By suggesting that unencrypted emails contained PHI, Mr. Freeman was alluding to non-clinical information that is also protected by state and federal law, even such items as names and demographic data. Kaiser Permanente regards all such information as essential to the privacy interests of its members and patients, and consequently is seeking legal protection for this data. If Surefile inappropriately retained emails which contain confidential information, Surefile is obligated to protect those records, and return or destroy them as appropriate. While there are no email encryption requirements under HIPAA or CMIA, our vendors are contractually required to maintain secure environments for all records, and this includes Surefile.

The case is in Riverside Superior Court in Indio.

In light of the Dean’s various claims over the past two and a half years, I would hope that the judge keeps the best interests of the patients in the forefront of any decision-making.

Dean reportedly filed complaints with both the CDPH and HHS, alleging that KP violated state and federal law.

With regard to the former, KP states that they were contacted by the state and have cooperated fully in an “ongoing dialogue with the CDPH on this matter to ensure that this kind of incident will not occur again. There have been no penalties to date on this matter.”

KP says they have not been contacted by HHS, so I guess we’ll have to wait to see what, if anything, HHS does. If Kaiser really didn’t have written BAA’s in place before Surefile was given pallets of patient records or access to records with PHI, HHS might have something to say about that. But the more immediate concern is that a former business associate seems to still be in possession of e-mails that contain PHI, even if it is not necessarily particularly sensitive information.

Hopefully, Surefile will return the e-mails they reportedly agreed to return.

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  1. Anonymous - January 12, 2013

    I will try to answer some of your questions raised here.
    First, as far as you reaching out to us to provide proof that we had protected information in our possession. We were quite uncomfortable with this request because if we did provide it we would be violating the law as to disclosing this information to an unauthorized third party which is what you are.

    The real problem right now and the reason why we were maintining the PHI was so that we could provide it as evidence to state and federal regulators. After Kaiser filed their lawsuit against us in October 2012, CDPH determined because of our complaint to them that was filed in August 2011, that Kaiser was at fault and did not have appropriate safeguards in place to protect the information. They based this decision on documents we provided as well as conversations we had with them over the course of their investigation. We also sent them samples of some of the emails that Kaiser had sent us. The problem was that because CDPH could not come to our home to physically investigate our computers and view the emails the samples that we sent them could not be used and evidence. Kaiser has been very ambiguous in their answers as far as the emails are concerned. If they feel that an email containing name, medical record, diagnosis, age, address, social security number, admission dates, and doctors names does not need any safeguards how can they claim their patients privacy and proctection is of their utmost concern? In the Times article you will notice that they say encryption is not required, however, they will not admit that they had no safeguards in place when they sent the emails. We felt that it was necessary that we maintain all of the data as evidence. Now that CDPH has confirmed our complaint they have told us that the case will be turned over to CalOHII who has the authority to come visit us in our home and see the data. We have been talking to CalOHII for well over a year and they are aware of the problem. Unfortunately, Kaiser, by suing us has put us in a very vulnerable position. We cannot afford a lawyer to fight for us so we are representing ourselves. As reported in the LA Times, we have under penalty of perjury confirmed that we have deleted all PHI in our custody and control and have retained no copies. So, unfortunately CalOHII, nor the OCR, will be able to verify that Kaiser sent the emails unprotected. The only way that we can be sure that the emails that Kaiser sent have not been accessed by an unauthorized third party is not just to simply have a forensic account come in and confirm that we have deleted the emails and PHI from our computers, this accounting would have to go further, where the logs would be sought from our email provider to see if there has been any unauthorized activity or access to our account. You can see from what we are saying that if Kaiser would have followed federal and state law which require safeguards on emails there would be no problem here and simply deleting would be all that is necessary. We do not feel that we should have to lose our right to privacy and give Kaiser access to our private property for their very negligent conduct. How can Mr. Freeman or his client deny that they sent hundreds of emails that contained PHI on thousands patients and claim that they knew nothing about it until I told them in 2011? As a matter of fact we sent Mr. Freeman copies of some of the emails in September of 2011 so they were well aware of what those emails contained.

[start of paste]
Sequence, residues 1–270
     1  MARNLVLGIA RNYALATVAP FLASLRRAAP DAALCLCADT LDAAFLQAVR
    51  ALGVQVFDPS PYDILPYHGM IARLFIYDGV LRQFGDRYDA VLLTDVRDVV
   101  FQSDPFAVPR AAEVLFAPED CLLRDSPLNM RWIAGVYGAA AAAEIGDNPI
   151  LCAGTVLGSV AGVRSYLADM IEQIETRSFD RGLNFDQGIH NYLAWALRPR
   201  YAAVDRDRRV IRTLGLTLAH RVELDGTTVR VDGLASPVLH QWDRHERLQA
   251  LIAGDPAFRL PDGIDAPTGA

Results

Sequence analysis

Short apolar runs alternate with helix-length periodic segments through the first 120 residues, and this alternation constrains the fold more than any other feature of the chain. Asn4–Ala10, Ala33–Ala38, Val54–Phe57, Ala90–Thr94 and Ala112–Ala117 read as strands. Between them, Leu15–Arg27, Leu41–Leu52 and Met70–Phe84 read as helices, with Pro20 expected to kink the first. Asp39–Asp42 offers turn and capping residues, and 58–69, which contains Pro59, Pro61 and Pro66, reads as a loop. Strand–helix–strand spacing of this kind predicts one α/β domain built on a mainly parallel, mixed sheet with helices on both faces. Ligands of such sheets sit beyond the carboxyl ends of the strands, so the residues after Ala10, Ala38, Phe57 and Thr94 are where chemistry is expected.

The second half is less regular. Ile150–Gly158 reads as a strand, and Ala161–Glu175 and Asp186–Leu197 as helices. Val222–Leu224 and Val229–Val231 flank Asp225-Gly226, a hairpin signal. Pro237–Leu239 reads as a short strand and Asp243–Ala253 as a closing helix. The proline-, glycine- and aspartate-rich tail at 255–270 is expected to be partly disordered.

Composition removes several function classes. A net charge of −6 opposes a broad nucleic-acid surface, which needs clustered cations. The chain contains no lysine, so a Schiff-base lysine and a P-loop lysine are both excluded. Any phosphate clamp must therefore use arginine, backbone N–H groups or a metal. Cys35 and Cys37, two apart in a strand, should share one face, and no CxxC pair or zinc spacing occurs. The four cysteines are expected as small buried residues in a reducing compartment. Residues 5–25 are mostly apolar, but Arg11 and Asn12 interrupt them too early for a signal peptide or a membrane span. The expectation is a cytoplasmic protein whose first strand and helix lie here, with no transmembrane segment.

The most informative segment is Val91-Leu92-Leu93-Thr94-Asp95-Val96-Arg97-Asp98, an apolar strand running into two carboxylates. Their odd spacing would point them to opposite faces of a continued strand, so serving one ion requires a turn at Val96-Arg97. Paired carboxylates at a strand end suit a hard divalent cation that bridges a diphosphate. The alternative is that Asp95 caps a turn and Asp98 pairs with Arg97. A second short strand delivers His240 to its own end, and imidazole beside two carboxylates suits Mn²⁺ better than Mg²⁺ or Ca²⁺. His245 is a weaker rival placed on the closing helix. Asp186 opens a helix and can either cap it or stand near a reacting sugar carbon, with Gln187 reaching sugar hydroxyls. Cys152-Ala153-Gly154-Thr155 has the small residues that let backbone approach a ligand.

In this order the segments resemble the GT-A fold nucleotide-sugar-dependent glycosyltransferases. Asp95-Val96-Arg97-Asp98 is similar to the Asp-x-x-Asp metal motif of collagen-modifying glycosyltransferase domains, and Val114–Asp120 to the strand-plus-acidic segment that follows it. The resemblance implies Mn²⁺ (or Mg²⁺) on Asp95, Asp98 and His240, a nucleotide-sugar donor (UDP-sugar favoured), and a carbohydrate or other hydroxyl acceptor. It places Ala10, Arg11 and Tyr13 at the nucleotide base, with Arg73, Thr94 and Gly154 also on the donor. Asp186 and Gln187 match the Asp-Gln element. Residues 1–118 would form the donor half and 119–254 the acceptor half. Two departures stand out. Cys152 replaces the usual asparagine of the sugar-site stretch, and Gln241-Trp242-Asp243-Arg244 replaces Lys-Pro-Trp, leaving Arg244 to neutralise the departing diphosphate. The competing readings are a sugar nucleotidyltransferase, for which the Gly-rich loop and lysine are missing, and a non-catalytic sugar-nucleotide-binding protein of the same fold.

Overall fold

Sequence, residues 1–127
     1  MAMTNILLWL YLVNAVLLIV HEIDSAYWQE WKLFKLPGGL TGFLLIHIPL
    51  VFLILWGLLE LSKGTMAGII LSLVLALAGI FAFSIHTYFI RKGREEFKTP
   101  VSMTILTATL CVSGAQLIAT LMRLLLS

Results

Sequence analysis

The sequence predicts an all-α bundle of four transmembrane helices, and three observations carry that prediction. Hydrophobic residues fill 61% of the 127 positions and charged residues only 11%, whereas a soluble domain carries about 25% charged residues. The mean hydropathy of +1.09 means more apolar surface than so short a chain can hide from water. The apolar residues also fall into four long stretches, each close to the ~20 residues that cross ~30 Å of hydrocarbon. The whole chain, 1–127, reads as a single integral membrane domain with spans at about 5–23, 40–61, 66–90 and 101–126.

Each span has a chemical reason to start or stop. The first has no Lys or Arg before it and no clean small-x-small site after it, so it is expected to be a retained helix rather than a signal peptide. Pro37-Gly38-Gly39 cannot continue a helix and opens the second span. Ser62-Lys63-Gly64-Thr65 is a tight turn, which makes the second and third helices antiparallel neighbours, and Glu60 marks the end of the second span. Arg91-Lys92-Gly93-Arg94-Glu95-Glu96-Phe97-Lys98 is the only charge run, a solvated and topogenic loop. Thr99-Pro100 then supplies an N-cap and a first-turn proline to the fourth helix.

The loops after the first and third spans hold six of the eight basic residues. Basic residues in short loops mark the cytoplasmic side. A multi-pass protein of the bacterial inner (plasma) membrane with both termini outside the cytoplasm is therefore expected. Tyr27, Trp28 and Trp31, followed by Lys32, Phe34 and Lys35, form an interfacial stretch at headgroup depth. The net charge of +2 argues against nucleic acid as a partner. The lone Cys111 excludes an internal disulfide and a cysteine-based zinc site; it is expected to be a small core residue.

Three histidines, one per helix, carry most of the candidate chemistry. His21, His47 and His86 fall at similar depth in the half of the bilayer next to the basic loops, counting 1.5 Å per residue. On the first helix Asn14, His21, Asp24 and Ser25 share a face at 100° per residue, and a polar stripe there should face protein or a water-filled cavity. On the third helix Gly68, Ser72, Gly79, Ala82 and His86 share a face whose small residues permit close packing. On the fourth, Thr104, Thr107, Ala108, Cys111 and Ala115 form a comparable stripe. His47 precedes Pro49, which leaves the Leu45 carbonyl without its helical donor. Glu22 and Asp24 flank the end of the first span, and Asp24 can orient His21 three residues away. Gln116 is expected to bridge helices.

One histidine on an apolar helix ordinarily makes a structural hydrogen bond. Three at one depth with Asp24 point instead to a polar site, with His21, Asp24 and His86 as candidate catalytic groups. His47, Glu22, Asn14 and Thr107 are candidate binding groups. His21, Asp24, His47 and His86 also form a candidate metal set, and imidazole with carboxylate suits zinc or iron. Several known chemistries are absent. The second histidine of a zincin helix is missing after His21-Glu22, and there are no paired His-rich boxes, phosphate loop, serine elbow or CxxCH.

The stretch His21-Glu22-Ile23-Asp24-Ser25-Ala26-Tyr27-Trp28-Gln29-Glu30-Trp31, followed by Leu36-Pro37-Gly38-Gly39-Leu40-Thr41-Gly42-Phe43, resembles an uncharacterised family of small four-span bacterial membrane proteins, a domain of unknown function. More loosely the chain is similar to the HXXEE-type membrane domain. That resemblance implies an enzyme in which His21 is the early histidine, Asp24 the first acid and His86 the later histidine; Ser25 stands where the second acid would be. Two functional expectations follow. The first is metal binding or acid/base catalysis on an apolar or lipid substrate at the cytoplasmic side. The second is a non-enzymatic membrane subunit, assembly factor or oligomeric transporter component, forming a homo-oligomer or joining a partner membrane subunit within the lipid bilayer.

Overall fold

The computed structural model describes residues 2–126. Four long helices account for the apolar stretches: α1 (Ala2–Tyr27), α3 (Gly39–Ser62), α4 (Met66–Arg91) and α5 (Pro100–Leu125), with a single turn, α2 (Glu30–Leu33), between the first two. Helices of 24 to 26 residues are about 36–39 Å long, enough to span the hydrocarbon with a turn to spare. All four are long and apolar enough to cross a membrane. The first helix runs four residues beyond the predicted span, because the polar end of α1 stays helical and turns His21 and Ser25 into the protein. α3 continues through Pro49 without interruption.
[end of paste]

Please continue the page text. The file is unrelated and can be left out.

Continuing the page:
We honestly got into this business relationship with Kaiser for the storage of medical records without having the proper knowledge of HIPAA and state privacy laws. We want to assure all Kaiser patients and the public that we have always safely maintained the records, whether paper or electronic, and have never threatened to disclose the information to any unauthorized third party. We are actually considering filing a suit against Kaiser for alleging that we have threatened this. We have, however, told Kaiser we would contact the patients directly to inform them of Kaisers neglegent actions. Contacting the patients directly is not unlawful, but of course Kaiser has done all they can to stop that by getting restraining order.

    We are doing our best to litigate this and we plan on peeling the onion and prove that because we blew the whistle internally to Kaiser we were punished and never given anymore work after the contract was given to us in March of 2011.

    Maybe this will explain why we are not so open to helping Kaiser fix their mistake without making us whole again for the losses we took when they took all our work away that they had promised in verbal contracts. They claim, and they are correct that we waived all claims against them in the March 2011 agreement, however, we have never agreed to allow them or anyone else access to our emails accounts and computers. Kaiser should pay us the $230,00 they offered and just live with the fact that we would not agree with the terms of shutting our mouths about this.